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Questions to ask Rescues before volunteering...

TMac
December 4th, 2006, 04:59 PM
Hi there

I know there are a lot of rescue people on this board...I am thinking of volunteering with a rescue (yes, another one) that I'm not that familiar with. Does anyone have any suggestions as to some questions I might ask them to get a sense of whether they are trustworthy and good to their dogs? If they pass that test, I'll go out and see for myself!

thanks!
:pawprint:

TeriM
December 4th, 2006, 05:35 PM
I don't know much about rescues but I would think the best test would be the questions they ask about you. IMO a good rescue would want to know everything they could about you to make sure you are a good addition.

mesaana
December 4th, 2006, 05:56 PM
Well, there are a few aspects I like to look into.
First, purpose of the rescue: what kinds of dogs do they rescue? all-breed, single-breed? do they pull from shelters? take owner surrenders? specialize in special-needs dogs? (there is no right or wrong answer, but it helps to know this to know what you'll be dealing with)
Then, what do they do with the dogs: do all dogs get vetted? do they all get neutered or spayed prior to adoption? do they take dogs back if adoptions don't work out? (the answer should be yes to all those)
How do dogs get adopted? Are there adoption event that you have to bring the dogs to every week-end? Do they have a website? Is there a shelter or only foster families? Do they have an adoption questionnaire? Do they do home visits? Do they check references? Do they do post adoption follow-ups? Who decides who adopts the dog? Does the foster family decide or do they have an adoption coordinator? Who makes the hard decisions: is it a democracy or does someone have the final word?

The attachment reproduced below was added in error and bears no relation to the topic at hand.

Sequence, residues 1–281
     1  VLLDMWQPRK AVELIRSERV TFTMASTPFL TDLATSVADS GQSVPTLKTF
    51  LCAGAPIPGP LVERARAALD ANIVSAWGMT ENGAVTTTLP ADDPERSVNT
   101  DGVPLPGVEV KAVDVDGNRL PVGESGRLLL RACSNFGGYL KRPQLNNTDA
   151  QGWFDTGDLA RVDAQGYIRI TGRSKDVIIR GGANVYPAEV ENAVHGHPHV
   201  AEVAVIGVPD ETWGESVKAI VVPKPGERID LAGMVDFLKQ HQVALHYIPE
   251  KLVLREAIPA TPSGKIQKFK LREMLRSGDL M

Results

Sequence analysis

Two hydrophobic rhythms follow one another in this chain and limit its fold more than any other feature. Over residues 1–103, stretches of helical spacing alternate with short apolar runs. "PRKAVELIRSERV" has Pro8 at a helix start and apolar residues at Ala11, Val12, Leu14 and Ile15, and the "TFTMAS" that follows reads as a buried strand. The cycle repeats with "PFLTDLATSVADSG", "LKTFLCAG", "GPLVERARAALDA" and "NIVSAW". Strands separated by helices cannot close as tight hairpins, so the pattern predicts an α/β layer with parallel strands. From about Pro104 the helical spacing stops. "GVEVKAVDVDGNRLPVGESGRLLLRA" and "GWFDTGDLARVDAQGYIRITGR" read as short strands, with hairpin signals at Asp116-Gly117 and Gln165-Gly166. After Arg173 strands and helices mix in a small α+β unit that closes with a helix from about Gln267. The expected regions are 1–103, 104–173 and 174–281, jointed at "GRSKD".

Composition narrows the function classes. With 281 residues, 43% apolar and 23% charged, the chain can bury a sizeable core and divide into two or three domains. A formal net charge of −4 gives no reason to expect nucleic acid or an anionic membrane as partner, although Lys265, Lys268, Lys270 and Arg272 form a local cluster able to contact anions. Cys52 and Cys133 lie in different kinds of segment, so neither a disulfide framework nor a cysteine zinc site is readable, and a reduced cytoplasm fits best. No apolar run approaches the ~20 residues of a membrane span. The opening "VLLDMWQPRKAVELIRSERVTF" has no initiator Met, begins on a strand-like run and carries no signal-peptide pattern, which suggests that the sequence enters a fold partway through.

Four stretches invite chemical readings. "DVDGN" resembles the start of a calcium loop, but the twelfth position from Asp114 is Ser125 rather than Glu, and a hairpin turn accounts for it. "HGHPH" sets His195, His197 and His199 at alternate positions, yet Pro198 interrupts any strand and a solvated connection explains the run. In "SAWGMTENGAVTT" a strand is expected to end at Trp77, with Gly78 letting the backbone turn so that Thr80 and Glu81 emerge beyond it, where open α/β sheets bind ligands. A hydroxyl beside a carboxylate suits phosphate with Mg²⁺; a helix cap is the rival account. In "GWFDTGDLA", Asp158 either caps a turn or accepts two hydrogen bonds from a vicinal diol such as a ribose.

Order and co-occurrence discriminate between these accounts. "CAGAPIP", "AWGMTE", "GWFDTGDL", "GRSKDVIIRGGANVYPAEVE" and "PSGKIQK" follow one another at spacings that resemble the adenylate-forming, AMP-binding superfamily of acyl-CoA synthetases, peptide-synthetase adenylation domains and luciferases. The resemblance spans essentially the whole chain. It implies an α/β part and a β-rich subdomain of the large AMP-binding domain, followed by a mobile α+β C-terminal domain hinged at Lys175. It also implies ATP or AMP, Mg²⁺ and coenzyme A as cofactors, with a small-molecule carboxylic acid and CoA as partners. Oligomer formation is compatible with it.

Then it depends on what you want to do specifically: what are their needs? All groups need foster families, but you can also do other stuff. If you'll be fostering, ask how it works for financial issues: do you pay the vet and get reimbursed after or does the rescue pay the vet directly? if you have to pay first, can you afford the risk of not getting your money for a while if the rescue is in a tight spot? what about the cost of food, collar if the dog comes without one, etc? Some rescues cover the cost of food, but many don't, since a lot of foster families already have a dog, they just have an extra mouth to feed.

A lot of these points don't necessarily have a right or wrong answer, but you have to feel comfortable with the way things work...

Hope this helps

springermom0406
December 4th, 2006, 06:23 PM
I'm not sure they'd share this info with you... but you may want to find out how many dogs they get returned that were adopted. I've been volunteering with a breed rescue for a year now and I'm about ready to quit because I'm so aggravated with the number of dogs that are returned because these people know nothing about dog behavior and how to properly place them... :mad:

But other than that, I think mesaana covered it all.

TMac
December 4th, 2006, 06:24 PM
I don't know much about rescues but I would think the best test would be the questions they ask about you. IMO a good rescue would want to know everything they could about you to make sure you are a good addition.